But the most devastating blow to gender studies in Russia was the 2012 law on “foreign agents,” which subjected nonprofit groups to crippling filing requirements and forced these organizations to mark all their content with menacing warnings. Historically, many of Russia’s gender studies centers have relied on financing from foreign foundations to stay afloat. At the turn of the century, just a decade into Russia’s post-Soviet existence, resources for scholarly work in Russia (especially in new fields) were scarce. Unfortunately for the groups that survived this way, reliance on money from abroad ultimately made them vulnerable at home.
Within a year of the law’s adoption, the authorities designated Saratov’s Center for Social Policy and Gender Studies as a “foreign agent” based on state prosecutors’ conclusion that the organization conducted “political activity” in a research project and a related book, titled “Critical Analysis of Social Policy in the Post-Soviet Space,” which suggested potential university course programs in Russian public policy, health and social sciences, and gender studies. Scholars challenged the designation in court but lost. Unable to operate under the new conditions, the center shut down in December 2014.
In 2016, officials added the Samara Center for Gender Studies to Russia’s “foreign agents” registry. Five years later, that organization dissolved, as well. St. Petersburg’s Center for Independent Sociological Research, where scholars also study gender, has been designated, too.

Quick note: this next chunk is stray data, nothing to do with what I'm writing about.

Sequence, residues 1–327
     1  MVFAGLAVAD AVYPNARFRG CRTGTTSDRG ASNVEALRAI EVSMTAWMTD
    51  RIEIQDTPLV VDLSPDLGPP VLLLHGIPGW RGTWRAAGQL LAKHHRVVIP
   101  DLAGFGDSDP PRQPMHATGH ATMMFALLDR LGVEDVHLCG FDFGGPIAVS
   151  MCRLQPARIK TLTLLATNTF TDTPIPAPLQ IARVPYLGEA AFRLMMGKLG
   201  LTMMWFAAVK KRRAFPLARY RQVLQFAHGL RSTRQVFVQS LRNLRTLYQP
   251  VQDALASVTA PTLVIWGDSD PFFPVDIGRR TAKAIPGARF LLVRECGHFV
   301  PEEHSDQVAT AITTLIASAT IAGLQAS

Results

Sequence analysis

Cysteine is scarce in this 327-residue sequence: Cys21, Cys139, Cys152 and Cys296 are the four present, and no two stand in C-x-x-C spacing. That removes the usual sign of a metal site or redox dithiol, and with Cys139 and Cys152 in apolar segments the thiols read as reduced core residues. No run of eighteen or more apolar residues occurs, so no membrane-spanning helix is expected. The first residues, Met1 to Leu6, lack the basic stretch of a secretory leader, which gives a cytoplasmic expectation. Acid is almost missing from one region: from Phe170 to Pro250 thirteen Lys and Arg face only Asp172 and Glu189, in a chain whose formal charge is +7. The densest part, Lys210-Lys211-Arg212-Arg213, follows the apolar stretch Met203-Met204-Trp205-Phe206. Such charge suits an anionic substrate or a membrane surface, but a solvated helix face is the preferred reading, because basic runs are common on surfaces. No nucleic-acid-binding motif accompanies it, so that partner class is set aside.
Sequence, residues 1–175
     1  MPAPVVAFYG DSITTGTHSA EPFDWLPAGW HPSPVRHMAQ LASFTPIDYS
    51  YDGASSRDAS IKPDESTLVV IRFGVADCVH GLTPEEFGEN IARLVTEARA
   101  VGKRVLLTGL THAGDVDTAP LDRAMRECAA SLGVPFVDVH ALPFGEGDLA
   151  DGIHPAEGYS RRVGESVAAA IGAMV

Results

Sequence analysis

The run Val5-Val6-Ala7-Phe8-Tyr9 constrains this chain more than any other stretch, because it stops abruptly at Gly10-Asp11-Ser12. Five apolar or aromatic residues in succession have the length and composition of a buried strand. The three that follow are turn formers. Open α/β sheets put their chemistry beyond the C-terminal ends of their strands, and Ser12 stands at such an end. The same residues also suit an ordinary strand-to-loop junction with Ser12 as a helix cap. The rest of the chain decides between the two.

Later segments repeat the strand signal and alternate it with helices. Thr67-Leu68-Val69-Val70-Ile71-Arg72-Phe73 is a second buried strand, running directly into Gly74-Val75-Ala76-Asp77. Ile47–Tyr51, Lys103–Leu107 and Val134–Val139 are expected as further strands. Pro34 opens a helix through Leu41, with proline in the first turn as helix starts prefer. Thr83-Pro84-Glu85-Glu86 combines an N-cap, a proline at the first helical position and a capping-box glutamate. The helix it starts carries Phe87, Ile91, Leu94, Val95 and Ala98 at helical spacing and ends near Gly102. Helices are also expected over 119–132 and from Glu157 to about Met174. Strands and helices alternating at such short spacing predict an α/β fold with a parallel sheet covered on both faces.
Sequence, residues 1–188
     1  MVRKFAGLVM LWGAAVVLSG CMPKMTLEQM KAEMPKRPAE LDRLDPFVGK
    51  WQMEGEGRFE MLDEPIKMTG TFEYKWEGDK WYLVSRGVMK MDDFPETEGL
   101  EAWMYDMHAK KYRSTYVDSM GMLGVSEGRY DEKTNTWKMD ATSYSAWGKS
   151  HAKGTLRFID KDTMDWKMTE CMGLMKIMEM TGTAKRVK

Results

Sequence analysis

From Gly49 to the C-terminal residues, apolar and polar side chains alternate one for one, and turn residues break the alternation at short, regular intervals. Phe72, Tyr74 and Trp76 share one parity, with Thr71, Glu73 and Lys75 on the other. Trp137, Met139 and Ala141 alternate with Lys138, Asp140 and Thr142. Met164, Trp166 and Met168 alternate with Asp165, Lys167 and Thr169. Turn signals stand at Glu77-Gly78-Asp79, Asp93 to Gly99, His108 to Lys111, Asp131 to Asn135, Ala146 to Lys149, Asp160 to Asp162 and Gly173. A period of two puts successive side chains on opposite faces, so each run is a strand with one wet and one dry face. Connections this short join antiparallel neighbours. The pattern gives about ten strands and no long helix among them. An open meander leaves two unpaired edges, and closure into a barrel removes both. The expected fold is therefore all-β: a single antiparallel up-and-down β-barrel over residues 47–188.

Russia’s Justice Ministry has also targeted several women’s organizations and nonprofits established to counter violence and gender discrimination. For example, officials have slapped “foreign agent” labels on the Nasiliyu.net center in Moscow, the Woman’s World support community in Kaliningrad, and the Novgorod Women’s Parliament regional movement, among others.
On September 29, 2021, Russia’s “foreign agent” registry welcomed the Ivanovo Center for Gender Studies, which Olga Shnyrova (a historian who specializes in Britain’s suffragette movement) has helmed since 1996.
For the first decade of its existence, the Ivanovo Center for Gender Studies peacefully coexisted with the authorities, collaborating with organizations like Ivanovo State University and even winning some state grants (including money from the Russian Foundation for the Humanities to host a conference). The center held events on Ivanovo State University’s campus until 2015 when it was suddenly evicted. The school simultaneously fired Olga Shnyrova, supposedly for “disciplinary violations” (administrators accused her of “arbitrarily occupying the university’s premises”).
Shnyrova later managed (twice) to regain her job at the school. She attributes her dismissal not just to misgivings about the Ivanovo Center for Gender Studies but also to her union work: She’s belonged to the “University Solidarity” labor collective since its inception at Ivanovo State University. Before she was fired, Shnyrova and her colleagues tried to challenge unfavorable terms in a new labor contract imposed on faculty by the school’s administration.